Next Article in Journal
Disruption of the Atlantic Meridional Circulation during Deglacial Climates Inferred from Planktonic Foraminiferal Shell Weights
Previous Article in Journal
Wind Energy Ships: Global Analysis of Operability
Article

The Role of Beach Morphology and Mid-Century Climate Change Effects on Wave Runup and Storm Impact on the Northern Yucatan Coast

1
Laboratorio de Ingeniería y Procesos Costeros, Instituto de Ingeniería, Universidad Nacional Autónoma de México, Sisal 97356, Mexico
2
Universitat de Barcelona, 08028 Barcelona, Spain
3
Universitat Politècnica de Catalunya, 08034 Barcelona, Spain
*
Author to whom correspondence should be addressed.
Academic Editor: Yann Balouin
J. Mar. Sci. Eng. 2021, 9(5), 518; https://doi.org/10.3390/jmse9050518
Received: 17 April 2021 / Revised: 5 May 2021 / Accepted: 6 May 2021 / Published: 11 May 2021
(This article belongs to the Section Coastal Engineering)
Wave runup is a relevant parameter to determine the storm impact on barrier islands. Here, the role of the beach morphology on wave runup and storm impact was investigated at four coastal communities located on the northern Yucatan coast. Current wave conditions based on regional wind simulations, topo-bathymetric transects measured at each location, and a nonlinear wave transformation model were employed to reconstruct multi-year runup time series. Dune morphology features and extreme water levels (excluding storm surge contributions) were further employed to determine the storm impact at each site for different return periods. Despite the similar offshore conditions along the coast, extreme water levels (i.e., runup and setup) showed intersite differences that were mainly ascribed to subaerial and submerged morphological features. Numerical results showed that the average surf zone beach slope, sandbars, berm, and dune elevation played an important role in controlling extreme water levels and storm impact at the study sites under the present climate. Moreover, in order to assess the potential effect of climate change on coastal flooding, we analyzed wave runup and storm impact in the best-preserved site by considering wave conditions and sea level rise (SLR) projections under the RCP 8.5 scenario. Modelling results suggest no significant increase in the storm impact regime between the present and future conditions in the study area unless SLR is considered. It was found that to accurately estimate SLR contribution, it should be incorporated into mean sea level prior to performing numerical wave runup simulations, rather than simply adding it to the resulting wave-induced water levels. View Full-Text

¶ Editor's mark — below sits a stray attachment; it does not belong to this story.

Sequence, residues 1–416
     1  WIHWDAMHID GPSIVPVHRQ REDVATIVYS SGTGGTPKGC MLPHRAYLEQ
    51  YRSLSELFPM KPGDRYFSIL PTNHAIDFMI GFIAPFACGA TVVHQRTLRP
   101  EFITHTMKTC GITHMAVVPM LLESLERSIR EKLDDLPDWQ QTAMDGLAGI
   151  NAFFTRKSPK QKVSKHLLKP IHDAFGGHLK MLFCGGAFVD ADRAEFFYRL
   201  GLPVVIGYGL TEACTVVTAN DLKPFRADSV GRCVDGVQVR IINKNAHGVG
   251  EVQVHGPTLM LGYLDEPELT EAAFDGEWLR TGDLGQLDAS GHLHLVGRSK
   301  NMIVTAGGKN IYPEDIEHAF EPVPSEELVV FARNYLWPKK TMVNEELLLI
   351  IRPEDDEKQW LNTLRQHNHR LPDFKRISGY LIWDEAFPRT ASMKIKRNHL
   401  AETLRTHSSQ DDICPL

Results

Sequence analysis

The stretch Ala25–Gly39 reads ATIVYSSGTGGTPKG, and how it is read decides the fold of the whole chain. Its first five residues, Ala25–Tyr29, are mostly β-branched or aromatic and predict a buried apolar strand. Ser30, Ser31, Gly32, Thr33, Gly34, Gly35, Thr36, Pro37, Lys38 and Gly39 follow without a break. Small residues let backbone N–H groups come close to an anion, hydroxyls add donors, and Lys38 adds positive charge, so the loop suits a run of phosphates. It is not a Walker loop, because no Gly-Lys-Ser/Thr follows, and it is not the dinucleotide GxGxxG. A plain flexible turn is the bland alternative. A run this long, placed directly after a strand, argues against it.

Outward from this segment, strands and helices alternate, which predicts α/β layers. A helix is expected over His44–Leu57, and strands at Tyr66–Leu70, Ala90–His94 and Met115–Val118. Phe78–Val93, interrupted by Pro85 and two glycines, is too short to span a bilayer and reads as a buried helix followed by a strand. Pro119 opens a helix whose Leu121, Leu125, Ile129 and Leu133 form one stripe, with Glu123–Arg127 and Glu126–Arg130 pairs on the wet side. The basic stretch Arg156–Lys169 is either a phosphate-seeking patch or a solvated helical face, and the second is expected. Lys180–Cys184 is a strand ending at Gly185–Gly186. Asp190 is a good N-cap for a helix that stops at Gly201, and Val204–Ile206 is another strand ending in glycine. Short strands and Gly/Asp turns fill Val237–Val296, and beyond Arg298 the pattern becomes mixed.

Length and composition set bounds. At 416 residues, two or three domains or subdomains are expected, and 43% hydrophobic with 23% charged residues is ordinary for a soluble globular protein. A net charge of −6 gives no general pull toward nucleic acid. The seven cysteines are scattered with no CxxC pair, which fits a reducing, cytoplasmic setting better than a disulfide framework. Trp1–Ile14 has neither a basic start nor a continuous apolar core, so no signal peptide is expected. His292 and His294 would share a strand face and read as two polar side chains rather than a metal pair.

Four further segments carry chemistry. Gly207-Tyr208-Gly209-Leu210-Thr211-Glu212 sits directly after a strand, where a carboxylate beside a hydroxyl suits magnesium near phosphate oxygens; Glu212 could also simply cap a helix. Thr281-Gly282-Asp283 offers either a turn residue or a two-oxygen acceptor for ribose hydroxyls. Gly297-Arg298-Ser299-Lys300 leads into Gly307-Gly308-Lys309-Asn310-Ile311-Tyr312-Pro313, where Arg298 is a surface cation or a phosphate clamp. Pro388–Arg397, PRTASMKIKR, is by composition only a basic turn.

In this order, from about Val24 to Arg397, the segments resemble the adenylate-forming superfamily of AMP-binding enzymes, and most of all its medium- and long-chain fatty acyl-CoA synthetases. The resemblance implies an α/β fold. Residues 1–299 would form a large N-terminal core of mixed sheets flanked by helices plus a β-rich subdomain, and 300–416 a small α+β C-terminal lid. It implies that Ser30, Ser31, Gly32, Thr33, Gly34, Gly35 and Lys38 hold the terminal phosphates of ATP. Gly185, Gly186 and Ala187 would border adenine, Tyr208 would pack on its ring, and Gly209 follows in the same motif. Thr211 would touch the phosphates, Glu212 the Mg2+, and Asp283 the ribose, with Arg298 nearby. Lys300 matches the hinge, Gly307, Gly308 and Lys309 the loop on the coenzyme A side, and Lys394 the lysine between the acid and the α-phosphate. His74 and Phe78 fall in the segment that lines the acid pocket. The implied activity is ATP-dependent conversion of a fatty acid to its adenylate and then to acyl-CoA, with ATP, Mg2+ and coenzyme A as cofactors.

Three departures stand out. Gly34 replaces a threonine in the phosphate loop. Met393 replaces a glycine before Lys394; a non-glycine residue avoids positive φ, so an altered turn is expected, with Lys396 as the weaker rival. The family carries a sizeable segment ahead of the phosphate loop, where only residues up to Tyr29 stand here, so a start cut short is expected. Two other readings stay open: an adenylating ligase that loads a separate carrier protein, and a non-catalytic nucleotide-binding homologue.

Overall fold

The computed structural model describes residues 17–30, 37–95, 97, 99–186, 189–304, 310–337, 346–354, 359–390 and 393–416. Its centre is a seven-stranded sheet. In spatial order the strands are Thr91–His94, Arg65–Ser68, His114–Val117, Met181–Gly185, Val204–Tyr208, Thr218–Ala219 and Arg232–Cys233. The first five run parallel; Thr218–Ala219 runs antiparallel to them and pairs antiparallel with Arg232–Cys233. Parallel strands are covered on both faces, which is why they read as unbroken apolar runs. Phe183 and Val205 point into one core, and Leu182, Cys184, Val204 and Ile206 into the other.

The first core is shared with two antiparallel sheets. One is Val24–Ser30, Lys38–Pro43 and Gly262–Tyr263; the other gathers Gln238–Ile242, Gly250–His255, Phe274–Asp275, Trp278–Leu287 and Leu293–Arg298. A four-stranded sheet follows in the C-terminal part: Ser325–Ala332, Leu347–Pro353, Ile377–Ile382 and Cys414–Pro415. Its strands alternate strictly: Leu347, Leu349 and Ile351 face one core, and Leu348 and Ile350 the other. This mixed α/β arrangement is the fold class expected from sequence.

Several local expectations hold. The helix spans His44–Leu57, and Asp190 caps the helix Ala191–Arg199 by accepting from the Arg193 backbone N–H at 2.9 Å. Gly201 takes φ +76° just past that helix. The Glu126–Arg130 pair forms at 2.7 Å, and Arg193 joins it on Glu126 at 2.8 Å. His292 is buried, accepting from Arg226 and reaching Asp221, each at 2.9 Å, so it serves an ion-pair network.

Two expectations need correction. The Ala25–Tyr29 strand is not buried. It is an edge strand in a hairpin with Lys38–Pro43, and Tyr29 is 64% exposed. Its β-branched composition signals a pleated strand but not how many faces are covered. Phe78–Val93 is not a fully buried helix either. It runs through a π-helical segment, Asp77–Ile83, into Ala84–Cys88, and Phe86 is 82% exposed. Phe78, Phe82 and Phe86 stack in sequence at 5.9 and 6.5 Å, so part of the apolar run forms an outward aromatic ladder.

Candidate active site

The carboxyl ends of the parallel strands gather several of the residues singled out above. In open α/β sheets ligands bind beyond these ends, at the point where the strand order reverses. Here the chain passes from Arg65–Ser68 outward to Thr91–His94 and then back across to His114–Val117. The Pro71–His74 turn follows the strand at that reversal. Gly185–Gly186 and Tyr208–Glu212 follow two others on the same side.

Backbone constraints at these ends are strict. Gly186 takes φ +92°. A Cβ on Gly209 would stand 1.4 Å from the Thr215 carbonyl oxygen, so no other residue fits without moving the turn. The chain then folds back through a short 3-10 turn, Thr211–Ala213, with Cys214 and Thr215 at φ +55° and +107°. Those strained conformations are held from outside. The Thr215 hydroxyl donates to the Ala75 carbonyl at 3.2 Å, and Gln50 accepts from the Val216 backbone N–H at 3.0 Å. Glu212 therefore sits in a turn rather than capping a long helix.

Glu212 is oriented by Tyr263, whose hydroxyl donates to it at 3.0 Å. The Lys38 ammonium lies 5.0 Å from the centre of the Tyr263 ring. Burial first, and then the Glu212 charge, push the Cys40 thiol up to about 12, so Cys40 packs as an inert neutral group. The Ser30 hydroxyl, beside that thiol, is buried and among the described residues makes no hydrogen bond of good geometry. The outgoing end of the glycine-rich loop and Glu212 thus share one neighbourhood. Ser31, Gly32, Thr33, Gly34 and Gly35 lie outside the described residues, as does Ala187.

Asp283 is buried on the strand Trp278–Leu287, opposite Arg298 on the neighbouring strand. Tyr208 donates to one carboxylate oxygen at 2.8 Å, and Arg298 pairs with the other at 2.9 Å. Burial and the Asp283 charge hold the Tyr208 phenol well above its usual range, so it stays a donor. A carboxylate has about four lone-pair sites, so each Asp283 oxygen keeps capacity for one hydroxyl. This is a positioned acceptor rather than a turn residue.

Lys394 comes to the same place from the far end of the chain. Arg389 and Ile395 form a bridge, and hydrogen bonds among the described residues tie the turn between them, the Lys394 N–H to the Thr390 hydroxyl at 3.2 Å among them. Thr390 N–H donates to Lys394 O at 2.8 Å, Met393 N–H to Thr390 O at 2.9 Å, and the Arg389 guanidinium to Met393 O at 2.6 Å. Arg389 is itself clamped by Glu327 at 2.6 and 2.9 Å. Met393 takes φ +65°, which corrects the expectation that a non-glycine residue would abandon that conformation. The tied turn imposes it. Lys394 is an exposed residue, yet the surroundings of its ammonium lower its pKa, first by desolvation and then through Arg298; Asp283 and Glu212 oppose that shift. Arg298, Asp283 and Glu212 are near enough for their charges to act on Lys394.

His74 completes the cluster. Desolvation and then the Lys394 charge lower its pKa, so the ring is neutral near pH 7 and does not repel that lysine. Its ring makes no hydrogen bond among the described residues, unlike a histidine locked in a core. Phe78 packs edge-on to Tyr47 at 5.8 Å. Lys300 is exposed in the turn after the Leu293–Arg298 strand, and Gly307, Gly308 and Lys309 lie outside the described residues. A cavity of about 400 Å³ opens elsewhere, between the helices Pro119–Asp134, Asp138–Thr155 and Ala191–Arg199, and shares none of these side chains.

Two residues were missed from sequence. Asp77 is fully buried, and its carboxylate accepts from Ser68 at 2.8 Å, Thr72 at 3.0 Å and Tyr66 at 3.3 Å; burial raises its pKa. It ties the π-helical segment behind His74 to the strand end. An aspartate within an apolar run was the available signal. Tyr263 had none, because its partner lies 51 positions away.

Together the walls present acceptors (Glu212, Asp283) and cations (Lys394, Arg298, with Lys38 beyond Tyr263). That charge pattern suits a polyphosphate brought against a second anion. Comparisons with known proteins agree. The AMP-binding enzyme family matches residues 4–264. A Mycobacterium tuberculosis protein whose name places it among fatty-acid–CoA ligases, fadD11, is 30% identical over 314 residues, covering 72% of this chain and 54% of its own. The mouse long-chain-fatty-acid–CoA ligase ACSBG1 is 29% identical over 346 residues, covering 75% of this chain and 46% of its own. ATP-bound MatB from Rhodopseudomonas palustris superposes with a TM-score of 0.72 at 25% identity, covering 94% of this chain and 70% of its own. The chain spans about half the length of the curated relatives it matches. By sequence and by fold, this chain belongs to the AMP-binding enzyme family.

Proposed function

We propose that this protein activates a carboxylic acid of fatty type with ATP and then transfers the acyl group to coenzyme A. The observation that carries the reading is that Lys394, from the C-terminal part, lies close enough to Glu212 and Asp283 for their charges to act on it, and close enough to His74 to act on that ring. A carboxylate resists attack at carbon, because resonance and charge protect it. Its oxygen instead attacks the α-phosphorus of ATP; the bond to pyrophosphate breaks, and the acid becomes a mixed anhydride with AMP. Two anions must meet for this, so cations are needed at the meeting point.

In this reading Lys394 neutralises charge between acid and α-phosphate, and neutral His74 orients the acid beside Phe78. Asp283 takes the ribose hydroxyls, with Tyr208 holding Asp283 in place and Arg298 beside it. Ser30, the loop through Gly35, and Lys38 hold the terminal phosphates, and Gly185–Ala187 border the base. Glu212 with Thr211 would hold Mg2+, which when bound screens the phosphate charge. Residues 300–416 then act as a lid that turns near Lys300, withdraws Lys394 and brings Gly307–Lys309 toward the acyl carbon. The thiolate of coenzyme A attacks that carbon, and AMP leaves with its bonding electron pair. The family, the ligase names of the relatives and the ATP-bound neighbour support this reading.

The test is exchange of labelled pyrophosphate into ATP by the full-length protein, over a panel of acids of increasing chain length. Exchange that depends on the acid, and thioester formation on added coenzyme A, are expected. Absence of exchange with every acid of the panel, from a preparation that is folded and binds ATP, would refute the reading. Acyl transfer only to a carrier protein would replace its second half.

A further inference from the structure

Keywords: wave runup; climate change; storm impact; sea level rise; SWASH model wave runup; climate change; storm impact; sea level rise; SWASH model
Show Figures

Figure 1

MDPI and ACS Style

Medellín, G.; Mayor, M.; Appendini, C.M.; Cerezo-Mota, R.; Jiménez, J.A. The Role of Beach Morphology and Mid-Century Climate Change Effects on Wave Runup and Storm Impact on the Northern Yucatan Coast. J. Mar. Sci. Eng. 2021, 9, 518. https://doi.org/10.3390/jmse9050518

AMA Style

Medellín G, Mayor M, Appendini CM, Cerezo-Mota R, Jiménez JA. The Role of Beach Morphology and Mid-Century Climate Change Effects on Wave Runup and Storm Impact on the Northern Yucatan Coast. Journal of Marine Science and Engineering. 2021; 9(5):518. https://doi.org/10.3390/jmse9050518

Chicago/Turabian Style

Medellín, Gabriela, Martí Mayor, Christian M. Appendini, Ruth Cerezo-Mota, and José A. Jiménez 2021. "The Role of Beach Morphology and Mid-Century Climate Change Effects on Wave Runup and Storm Impact on the Northern Yucatan Coast" Journal of Marine Science and Engineering 9, no. 5: 518. https://doi.org/10.3390/jmse9050518

Find Other Styles
Note that from the first issue of 2016, MDPI journals use article numbers instead of page numbers. See further details here.

Article Access Map by Country/Region

1
Back to TopTop